Little Damage Ice Cream: Haunted Hues - NBC Southern California

Little Damage Ice Cream: Haunted Hues

Gobble gray ice cream at the Spring Street sweet shop.

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    NEWSLETTERS

    Little Damage Ice Cream: Haunted Hues
    Little Damage
    Gobble gray ice cream at the Spring Street sweet shop.

    We all get stuck in our food loops, those tightly hemmed-in patterns where all we want to do is eat corn chips dipped in marscapone with a side of tomatillo salsa.

    Like, every day.

    But the ultimate food loops, those patterns which we can never seem to escape or even leave behind for a day, often involve how we think an edible should look, feel, be. Cotton candy should be pink, a lemon is yellow, and milk is, well, a milky shade.

    So what color, in your food-focused mind's eye, is ice cream? There's a garish gamut, of course, from bubblegum bright to pistachio green. But, in general, and we're just going out on a limb here, or, rather, a very long spoon, ice cream is not traditionally gray.

    Little Damage, the family-helmed Spring Street ice-creamery, is not about tradition, and is about a host of lickable sweets that don't fit into anyone's expectations of what a cold, frosty dessert in a cone should look like. These buzzed-about soft-serve ice creams have been deemed "goth" or "brooding" by some, making a purchase of one an act of counter-programming to May's sunshiny ways.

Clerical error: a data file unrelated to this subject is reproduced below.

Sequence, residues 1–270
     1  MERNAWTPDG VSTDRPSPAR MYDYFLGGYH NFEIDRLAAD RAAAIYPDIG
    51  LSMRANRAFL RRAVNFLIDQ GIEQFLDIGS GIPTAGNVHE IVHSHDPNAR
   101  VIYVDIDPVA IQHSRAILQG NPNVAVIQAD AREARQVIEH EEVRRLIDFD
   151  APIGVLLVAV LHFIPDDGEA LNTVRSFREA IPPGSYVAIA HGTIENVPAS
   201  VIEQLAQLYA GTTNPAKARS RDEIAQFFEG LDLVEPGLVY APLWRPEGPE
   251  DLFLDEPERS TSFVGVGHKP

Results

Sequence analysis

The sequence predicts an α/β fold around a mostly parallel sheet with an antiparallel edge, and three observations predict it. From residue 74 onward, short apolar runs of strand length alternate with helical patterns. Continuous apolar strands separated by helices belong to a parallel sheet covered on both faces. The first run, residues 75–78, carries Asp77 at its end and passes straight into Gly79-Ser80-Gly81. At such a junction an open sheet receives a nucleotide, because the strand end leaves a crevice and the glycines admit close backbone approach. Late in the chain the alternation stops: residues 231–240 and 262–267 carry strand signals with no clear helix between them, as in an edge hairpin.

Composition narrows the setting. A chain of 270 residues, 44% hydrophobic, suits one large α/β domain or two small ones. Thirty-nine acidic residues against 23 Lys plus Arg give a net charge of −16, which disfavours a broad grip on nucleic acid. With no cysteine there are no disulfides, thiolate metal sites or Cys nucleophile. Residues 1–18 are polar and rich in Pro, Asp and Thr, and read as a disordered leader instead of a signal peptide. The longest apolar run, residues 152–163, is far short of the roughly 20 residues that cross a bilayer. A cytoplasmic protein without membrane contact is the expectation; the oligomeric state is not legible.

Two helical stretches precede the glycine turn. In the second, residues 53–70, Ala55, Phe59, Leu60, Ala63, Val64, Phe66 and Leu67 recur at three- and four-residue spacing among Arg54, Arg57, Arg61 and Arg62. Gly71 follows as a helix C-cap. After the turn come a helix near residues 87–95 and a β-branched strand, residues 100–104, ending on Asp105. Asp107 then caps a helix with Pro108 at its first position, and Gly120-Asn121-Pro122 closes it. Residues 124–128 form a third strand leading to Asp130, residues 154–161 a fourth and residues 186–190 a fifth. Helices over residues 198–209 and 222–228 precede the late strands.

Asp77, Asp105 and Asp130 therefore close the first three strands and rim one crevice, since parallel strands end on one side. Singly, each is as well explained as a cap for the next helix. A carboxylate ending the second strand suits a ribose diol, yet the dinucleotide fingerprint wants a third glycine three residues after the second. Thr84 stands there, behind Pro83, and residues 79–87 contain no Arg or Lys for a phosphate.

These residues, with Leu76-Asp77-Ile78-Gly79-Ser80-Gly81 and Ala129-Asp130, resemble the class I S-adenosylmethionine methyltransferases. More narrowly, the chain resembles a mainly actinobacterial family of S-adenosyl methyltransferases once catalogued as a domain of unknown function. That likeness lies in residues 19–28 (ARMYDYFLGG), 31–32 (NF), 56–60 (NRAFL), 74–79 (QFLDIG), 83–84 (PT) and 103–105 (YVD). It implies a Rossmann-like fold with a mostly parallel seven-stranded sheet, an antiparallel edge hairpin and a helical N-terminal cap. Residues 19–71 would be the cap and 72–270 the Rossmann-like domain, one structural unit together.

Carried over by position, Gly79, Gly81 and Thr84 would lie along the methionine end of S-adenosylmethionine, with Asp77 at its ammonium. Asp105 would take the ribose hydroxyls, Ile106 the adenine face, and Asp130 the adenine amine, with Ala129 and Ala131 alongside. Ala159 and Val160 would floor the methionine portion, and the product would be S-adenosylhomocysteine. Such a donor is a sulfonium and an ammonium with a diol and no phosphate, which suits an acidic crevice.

If the gray-gorgeous Almond Charcoal isn't your pleasure, there's always sky-blue Unicorn Tears (and Fruity Pebbles add a rainbow-mazing touch).  

    A fuschia Just Beet It, the Mango Sticky Rice cone, and Coconut Green Tea are just a few of the other stroll-and-bite picks at the downtown dessert destination.

    We mean, that is if you bite your ice cream, instead of licking it. No judgment; you definitely don't want the pointy top toppling over. Understood.

    And while we're at it, cotton candy doesn't need to be pink — blue's just as tasty — and chocolate milk and strawberry milk have their own glorious hues, colors that can't be described as "milky."

    Leaving our loop, of what food should look like, is a promising thing, as is a towering gray cone of Almond Charcoal ice cream at Little Damage.

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